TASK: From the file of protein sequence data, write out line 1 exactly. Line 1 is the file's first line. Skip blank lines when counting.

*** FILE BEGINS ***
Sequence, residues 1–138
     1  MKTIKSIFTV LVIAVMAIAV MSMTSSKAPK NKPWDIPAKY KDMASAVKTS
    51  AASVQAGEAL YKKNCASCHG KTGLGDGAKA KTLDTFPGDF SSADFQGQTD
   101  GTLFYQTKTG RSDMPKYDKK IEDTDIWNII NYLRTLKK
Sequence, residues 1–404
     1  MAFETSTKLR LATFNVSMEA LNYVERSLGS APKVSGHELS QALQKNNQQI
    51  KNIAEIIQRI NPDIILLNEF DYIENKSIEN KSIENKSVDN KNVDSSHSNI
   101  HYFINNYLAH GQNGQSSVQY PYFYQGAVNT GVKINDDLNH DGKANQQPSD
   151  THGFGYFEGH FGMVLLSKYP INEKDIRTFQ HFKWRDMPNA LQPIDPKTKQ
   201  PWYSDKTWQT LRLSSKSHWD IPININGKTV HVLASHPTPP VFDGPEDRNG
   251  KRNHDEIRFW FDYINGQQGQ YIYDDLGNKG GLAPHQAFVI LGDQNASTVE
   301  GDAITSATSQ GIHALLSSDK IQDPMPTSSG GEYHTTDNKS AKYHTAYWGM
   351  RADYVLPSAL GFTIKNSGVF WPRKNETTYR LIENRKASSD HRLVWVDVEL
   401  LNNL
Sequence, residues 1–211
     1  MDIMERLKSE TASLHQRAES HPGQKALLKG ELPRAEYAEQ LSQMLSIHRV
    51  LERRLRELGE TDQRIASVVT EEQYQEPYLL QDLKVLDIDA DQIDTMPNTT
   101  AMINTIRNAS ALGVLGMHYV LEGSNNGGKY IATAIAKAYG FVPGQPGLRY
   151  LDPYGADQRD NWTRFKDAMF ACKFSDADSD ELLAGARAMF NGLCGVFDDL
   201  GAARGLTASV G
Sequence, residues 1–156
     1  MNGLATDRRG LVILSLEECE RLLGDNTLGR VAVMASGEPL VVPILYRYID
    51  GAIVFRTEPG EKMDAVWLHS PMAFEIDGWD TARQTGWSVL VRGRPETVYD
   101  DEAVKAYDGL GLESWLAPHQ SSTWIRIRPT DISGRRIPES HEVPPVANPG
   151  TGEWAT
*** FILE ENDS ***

Sequence, residues 1–138